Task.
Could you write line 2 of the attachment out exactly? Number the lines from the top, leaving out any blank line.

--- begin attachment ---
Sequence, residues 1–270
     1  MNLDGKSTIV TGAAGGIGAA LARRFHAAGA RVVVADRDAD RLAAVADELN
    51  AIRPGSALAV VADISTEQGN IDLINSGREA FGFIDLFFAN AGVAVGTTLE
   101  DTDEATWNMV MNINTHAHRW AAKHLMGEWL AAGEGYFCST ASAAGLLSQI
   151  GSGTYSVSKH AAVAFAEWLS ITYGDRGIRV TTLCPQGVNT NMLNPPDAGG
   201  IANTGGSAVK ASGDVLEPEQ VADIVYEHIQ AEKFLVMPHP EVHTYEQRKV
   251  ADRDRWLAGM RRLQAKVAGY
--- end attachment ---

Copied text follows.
     1  MNLDGKSTIV TGAAGGIGAA LARRFHAAGA RVVVADRDAD RLAAVADELN